Listener's Stories

I suffer from a mild, erratic but progressive dyslexia and a reversal of (brain) sphere dominance. Improvement - as well as more patience, better listening capacity, more empathy for my writing students, decreased anxiety and depression and fatigue - has been steady and I am tremendously enthusiastic about sound therapy.
Cynthia Connell Davis
Rhode Island, USA
Our son John is in Grade 6 and showing terrific improvement in reading since beginning on the Sound Therapy tapes two months ago. He says a lot of people don't even know he is dyslexic anymore. His teachers are amazed and thrilled, and even his friends have noticed the change in him. John came home last week and reported that two boys said, "Boy, John, you're a lot smarter this year. Last year you were so dumb, but this year you're not." We are so excited, because last year John was in a special program and this year he is in the regular program. He was on medication for his learning disability, but is now off the Ritalin. It makes him especially happy that he doesn't have to take the pills anymore, as they made him sick to his stomach. He loves the baroque music, listening with his Auto-Reverse Walkman all night until the batteries run out. He hated to read before, and now when we have our evening devotions he asks to read and does it very well. It is like a miracle and he improves daily. His grandfather says it's like an alarm went off in his head and he woke up.
Judy & Gerrit Westerhof
Winnipeg
Our son has been on the Sound Therapy program for two years and it has helped him to overcome his learning disabilities. He started off listening all day and all night to complete his first 300 hours. He is allowed to listen to the tapes in his classes at school. His letter grade at school has increased from a C to where he is now on the B Plus Honour roll. It happened that he was asked to give a testimony in a court case about the experience of having dyslexia, and he ended up telling the Judge all about his experience with Sound Therapy to the great interest of the Judge!
Mrs Joyce Saben
Vancouver, Canada
My son, Marty, was diagnosed as dyslexic and has had special education since Grade 1. He started using the Sound Therapy tapes during Grade 8. School authorities, counsellors and special education teachers, on evaluating Marty after the first Grade 8 term, were all of the opinion that he would be unable to complete the grade because of his problems (lack of reading comprehension, inattention, short-term memory difficulties). However, we were able to persuade them to keep him in his present school and to give the tapes a chance to work.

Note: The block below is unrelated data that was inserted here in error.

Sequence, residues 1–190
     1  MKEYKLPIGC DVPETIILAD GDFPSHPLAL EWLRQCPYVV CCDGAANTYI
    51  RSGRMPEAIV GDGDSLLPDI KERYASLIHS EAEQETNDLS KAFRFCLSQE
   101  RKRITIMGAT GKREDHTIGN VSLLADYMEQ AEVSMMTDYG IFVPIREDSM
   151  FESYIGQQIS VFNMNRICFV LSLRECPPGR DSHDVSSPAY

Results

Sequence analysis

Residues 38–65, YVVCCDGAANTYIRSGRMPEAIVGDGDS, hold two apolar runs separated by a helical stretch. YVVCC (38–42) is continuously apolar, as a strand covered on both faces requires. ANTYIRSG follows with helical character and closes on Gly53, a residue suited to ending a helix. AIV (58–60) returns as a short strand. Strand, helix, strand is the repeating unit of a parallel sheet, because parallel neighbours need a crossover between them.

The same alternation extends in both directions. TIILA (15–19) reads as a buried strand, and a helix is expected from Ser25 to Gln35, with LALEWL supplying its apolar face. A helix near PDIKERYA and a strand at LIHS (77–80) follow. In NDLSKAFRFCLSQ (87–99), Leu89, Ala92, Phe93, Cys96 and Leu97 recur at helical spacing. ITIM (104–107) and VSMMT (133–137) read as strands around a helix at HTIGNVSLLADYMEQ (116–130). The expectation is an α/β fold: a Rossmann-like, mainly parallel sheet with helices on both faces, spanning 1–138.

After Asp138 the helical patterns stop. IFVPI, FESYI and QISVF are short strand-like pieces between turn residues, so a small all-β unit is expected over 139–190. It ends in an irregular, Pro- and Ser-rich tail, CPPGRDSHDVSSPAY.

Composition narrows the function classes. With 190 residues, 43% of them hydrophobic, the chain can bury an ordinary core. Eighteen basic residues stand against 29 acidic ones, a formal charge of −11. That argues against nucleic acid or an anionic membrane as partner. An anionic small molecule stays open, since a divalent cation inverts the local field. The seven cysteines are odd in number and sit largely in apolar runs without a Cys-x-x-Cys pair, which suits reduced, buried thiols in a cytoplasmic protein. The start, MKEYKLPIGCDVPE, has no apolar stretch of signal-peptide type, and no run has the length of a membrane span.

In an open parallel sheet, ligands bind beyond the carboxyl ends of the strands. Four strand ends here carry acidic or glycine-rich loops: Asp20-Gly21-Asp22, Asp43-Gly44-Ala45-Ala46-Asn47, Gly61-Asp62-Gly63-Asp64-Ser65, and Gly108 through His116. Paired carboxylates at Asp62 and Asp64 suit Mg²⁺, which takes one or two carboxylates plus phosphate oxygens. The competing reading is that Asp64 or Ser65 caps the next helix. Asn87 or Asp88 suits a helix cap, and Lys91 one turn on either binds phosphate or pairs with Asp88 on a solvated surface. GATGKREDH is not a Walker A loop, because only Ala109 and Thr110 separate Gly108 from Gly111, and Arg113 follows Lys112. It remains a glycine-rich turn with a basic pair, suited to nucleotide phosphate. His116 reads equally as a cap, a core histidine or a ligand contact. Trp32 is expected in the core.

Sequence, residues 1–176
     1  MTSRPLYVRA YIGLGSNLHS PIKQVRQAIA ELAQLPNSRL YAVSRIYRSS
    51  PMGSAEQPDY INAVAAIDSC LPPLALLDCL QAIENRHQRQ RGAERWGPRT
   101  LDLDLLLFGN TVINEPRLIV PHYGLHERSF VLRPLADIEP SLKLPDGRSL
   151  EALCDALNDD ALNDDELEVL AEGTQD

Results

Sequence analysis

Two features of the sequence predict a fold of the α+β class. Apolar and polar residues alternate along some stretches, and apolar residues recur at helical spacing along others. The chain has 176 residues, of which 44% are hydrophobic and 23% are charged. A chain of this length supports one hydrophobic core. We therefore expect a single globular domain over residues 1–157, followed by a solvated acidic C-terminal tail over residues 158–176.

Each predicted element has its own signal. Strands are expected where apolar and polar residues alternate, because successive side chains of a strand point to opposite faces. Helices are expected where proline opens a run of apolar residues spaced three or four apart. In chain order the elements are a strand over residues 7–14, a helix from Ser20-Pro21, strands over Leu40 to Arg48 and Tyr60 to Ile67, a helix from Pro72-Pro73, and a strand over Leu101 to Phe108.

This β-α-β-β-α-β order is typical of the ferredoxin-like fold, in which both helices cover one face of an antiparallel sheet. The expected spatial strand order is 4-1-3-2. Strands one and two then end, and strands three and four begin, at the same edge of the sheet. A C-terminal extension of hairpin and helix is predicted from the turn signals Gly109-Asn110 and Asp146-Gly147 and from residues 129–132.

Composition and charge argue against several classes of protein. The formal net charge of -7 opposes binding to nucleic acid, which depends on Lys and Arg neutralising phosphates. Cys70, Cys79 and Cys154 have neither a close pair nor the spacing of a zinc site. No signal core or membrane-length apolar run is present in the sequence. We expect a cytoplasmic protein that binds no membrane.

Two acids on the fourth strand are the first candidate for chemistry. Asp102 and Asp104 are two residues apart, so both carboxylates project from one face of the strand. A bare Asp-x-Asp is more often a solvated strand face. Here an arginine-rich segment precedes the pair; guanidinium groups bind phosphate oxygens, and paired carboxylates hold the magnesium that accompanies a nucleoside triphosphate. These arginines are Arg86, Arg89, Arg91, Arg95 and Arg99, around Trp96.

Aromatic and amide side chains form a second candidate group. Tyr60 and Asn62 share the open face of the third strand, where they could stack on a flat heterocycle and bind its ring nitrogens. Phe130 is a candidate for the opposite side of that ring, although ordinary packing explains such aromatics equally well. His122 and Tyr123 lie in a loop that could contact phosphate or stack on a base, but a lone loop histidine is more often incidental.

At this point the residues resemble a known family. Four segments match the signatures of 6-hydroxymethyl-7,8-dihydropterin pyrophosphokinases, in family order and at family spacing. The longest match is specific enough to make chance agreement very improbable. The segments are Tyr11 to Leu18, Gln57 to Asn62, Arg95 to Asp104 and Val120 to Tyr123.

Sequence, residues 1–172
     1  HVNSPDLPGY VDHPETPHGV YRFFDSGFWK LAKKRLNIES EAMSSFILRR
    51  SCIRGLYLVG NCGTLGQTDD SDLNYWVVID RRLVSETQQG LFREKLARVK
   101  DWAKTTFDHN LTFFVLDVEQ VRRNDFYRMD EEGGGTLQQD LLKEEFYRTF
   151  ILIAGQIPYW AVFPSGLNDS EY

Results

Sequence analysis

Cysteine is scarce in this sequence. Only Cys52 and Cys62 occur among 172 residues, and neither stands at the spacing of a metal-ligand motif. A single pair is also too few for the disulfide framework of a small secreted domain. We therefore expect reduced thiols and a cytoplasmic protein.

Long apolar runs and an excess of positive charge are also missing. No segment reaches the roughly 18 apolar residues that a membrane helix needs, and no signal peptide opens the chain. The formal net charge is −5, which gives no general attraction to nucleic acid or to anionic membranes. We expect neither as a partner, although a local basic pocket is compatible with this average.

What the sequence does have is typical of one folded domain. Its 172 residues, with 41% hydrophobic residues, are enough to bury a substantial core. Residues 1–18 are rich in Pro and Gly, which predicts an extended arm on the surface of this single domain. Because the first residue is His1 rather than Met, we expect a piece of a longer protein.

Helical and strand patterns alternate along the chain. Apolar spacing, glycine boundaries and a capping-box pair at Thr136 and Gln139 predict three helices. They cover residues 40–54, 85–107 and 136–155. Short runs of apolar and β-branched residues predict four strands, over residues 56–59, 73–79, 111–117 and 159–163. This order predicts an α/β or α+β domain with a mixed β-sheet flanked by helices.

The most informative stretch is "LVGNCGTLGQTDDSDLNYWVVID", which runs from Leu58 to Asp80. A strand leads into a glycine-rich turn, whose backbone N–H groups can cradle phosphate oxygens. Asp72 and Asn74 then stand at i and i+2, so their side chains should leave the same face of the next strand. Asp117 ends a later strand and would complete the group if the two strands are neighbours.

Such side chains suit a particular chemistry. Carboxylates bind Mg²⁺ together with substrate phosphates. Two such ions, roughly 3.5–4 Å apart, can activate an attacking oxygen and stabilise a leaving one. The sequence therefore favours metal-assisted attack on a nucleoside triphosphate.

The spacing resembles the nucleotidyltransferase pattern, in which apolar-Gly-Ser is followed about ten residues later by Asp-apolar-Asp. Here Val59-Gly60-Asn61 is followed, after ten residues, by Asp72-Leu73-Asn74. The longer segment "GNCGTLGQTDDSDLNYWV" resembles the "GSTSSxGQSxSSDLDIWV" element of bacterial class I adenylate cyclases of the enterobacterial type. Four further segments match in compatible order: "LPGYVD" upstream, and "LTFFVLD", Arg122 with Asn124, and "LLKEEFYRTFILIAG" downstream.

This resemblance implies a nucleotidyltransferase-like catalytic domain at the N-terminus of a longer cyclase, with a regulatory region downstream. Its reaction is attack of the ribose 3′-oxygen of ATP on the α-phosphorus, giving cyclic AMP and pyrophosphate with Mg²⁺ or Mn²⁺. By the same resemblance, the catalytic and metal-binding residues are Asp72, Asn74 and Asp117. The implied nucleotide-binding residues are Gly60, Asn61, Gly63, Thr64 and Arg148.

Marty used the tapes overnight, every night for nine months, and he himself reported improved hearing and concentration after about three weeks. The best news of all came after six weeks when he came home from school very excitedly and said, "you know, those tapes are making me smarter! I was half way through an essay this morning and realised that I had actually heard and understood the teacher. I knew the answers and it was easy to write them down!" From then on, even though Marty never became a scholar, his previously strained expression grew happy and relaxed. His ability to deal with Math and English improved greatly. He left school after Grade 10, and is now working at a full-time job and has no trouble at all with the math and language skills he needs. I should add that our other son, David, also used the tapes, for improved concentration and memory. After a few weeks we noticed that his very bent back had straightened right up - and has stayed that way.
Pat Engbers
British Columbia, Canada